The Philosophy of Cycling

I have recently started bicycling to work.   Very recently.  This week in fact.   I feel great and am having fun.   Its been a long time since I did a lot of riding.   Back in college I’d do 15 miles 3 times a week and a longer weekend ride.

Back then I had a quality road bike, steel to be sure as I was a starving college kid, but the components were decent and as steel went it was on the lighter end.    I’d run at about 14 miles per hour average by the middle thru the end of the season.

That was 20 years ago and my main reason for bicycling was “its fun”.   Excercise and such were secondary.    Once again I ride for fun but I have a pricey mountain bike.

Where I am riding now in suburbia, near a college town, there are two, ok three kinds of cyclists.

The first set are like me, they are using a bicycle to go to work, go to class, go for more beer, things like that.   You can tell these cyclists because they dress like normal people, often have a backpack, and seem at peace with the world.   Most of them though ride cheaper bikes than me.

The second set are “serious cyclists”.  These you can spot because the look like a walking catalog from Cycling Magazine.   This crowd firmly believes that to ride you need special hats, special glasses, special electronics, special pedals, special shoes special pants, special food, so on and so forth.   All of the above in order to eek every last ounce of performance out.   Their bike often are the same price range as mine or higher.

The third set is the Jehovas Witnesses.   They usually have decent bikes, ride in dress pants and white shirts with ties, meticulously follow all the traffic laws etc.  Its a free country and everyone needs to do what they think is right, they are sincere and decent people.   The thing about these cyclists that gives me the most pause is riding a mountain bike with leather soled dress shoes.   But as I said to each their own, viva America.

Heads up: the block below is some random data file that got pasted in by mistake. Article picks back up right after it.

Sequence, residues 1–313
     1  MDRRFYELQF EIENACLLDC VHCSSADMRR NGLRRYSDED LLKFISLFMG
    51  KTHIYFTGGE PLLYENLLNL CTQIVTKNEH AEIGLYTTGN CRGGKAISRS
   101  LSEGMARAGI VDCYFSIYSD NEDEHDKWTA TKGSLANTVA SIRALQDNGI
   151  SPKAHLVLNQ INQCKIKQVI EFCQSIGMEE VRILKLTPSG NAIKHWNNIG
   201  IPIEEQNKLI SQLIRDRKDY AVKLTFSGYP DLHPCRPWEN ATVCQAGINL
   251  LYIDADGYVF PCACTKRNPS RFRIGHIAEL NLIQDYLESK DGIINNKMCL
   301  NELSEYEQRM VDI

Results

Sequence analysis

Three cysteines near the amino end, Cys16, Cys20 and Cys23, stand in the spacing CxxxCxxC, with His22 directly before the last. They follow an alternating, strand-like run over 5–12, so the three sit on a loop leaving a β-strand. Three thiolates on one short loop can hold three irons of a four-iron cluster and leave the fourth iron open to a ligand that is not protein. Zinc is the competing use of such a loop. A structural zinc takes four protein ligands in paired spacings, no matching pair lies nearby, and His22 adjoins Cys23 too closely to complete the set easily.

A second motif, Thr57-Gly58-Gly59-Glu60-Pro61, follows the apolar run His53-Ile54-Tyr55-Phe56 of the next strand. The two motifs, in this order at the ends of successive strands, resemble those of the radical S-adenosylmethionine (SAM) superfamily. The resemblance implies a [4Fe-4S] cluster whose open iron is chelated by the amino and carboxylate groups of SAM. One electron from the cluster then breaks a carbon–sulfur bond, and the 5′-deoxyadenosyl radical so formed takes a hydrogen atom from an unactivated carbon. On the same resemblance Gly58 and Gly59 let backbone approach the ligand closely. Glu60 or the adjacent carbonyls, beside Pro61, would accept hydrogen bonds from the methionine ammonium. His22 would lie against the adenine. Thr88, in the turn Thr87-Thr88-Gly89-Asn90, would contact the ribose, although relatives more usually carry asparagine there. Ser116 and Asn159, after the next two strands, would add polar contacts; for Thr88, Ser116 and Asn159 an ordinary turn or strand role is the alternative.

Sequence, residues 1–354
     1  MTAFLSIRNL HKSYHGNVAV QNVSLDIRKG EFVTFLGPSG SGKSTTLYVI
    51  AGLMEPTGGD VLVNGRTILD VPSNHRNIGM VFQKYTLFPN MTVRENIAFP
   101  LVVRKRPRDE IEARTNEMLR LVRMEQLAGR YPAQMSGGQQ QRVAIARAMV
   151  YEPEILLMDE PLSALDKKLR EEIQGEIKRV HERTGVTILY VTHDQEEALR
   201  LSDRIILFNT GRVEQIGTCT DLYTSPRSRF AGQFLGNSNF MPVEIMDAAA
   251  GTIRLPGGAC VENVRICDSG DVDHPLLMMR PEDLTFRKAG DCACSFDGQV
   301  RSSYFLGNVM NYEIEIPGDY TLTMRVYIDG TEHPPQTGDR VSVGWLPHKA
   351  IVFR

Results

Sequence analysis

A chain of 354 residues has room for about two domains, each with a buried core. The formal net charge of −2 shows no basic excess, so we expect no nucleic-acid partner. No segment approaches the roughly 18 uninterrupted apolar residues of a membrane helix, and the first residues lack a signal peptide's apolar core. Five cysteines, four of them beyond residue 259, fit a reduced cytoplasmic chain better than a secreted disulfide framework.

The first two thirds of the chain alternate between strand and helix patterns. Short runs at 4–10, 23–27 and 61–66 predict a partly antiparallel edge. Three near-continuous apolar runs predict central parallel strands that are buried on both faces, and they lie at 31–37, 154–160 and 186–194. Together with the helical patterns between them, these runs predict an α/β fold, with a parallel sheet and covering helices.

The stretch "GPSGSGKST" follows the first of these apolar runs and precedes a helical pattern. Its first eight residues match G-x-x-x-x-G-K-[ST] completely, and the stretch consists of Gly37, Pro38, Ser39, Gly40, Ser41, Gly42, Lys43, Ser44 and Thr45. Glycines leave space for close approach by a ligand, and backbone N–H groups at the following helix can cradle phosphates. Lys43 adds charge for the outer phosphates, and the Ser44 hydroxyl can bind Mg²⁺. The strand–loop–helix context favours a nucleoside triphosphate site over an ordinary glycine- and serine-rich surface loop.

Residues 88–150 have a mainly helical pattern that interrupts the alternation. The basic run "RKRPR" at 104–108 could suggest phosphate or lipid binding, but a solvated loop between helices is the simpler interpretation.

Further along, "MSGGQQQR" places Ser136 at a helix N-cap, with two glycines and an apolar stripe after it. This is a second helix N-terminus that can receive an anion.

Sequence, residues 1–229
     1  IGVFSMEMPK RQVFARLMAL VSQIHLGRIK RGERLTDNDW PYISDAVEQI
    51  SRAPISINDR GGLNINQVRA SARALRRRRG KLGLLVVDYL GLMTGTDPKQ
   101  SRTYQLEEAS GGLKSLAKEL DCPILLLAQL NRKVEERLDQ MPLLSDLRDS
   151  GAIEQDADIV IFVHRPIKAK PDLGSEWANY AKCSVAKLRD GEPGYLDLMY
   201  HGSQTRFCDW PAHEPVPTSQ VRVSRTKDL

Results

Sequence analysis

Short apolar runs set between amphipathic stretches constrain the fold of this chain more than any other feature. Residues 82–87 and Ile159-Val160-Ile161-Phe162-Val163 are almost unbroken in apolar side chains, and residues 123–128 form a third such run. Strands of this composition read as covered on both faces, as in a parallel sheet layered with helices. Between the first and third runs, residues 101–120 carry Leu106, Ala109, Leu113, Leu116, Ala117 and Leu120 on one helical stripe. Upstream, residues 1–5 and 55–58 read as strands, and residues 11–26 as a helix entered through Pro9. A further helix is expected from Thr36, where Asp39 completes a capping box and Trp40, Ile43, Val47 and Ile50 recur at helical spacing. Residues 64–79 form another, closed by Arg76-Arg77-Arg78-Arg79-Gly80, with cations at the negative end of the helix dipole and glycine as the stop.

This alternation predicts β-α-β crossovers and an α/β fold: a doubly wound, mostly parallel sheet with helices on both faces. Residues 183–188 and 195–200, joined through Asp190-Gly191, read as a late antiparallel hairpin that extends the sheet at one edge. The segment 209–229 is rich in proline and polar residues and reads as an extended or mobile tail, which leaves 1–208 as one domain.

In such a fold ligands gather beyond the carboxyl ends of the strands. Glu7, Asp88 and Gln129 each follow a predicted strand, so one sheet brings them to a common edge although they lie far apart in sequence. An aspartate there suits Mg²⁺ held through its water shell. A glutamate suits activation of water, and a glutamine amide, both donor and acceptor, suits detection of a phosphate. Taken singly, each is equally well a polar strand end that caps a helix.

Many people who decide to start riding again in middle age do so “to get in shape”.   They sit at desks all day, are fatter than they want to be etc. and decide they need to get in shape.  A noble goal.    This set is the most prone to looking like the “Serious Cyclist” as they have disposable income and ride for no purpose except excercise.    They have fancy bike racks to take their bike to a good spot to ride it whereas the rest of us just ride our bikes to get somewhere.

The thing that gives me pause in all of this, “Why do you need to be super effecient if your goal is excercise ?”

If you want to excercise, make your body work, a good heavy old steel bike will accomplish that quite well.   Buy a seat for your bike with padding on it, instead of a hard seat that is so much more effecient due to no wasted energy and then turning right around and buying pants with the padding sewn in as if the padding tied to your buttocks is better than padding tied to the seat.  Wear a good nice flappy shirt, and baggy shorts as this will increase your wind resistance and get your more excercise than ever.  Truthfully the drag from clothes is pretty close to nil.   Drafting with another cyclist to block wind will give you a big benefit whereas spandex shorts don’t give you much speed just a chance to show off your nuts.

A man on a heavy old bike will get more excercise going 15 miles than a man on an aluminum expensive lightweight one.  He may even be slower and thus will get more excercise time in during that 15 miles.

Its the slower speed of the man on the heavy bike that bothers most.   We are fixated on speed.  The goal of speed drives the whole cycling industry.   But who starts cycling to get from point a to point b quickly ?

Relax, ride whatever bike you have, ride it mainly to enjoy the day and the outdoors, save your money and do something nice with it, like buy a bum a nice bottle of wine.


Boutari Kretikos White

Tonight I tried a wonderful light white wine from the Island of Crete.   A 2008 bottle of Boutari Kretikos White.   I have to say its is fantastic.   I will be buying more if I can find it.

Strawberry Wine

Two flats of strawberries have arrived in the home.   One flat for freezer jam and one flat for making strawberry wine.   Here is a picture of the lovely things.

  • 4-5 lbs of fresh strawberries, washed, stemmed, and any spoilage cut off.
  • 2.5 lbs of sugar ( was 2 lbs but these could have been a tad riper )
  • 1tsp acid blend ( or juice from 1 lemon )
  • 1/8 tsp of tannin
  • 1 tsp yeast nutrient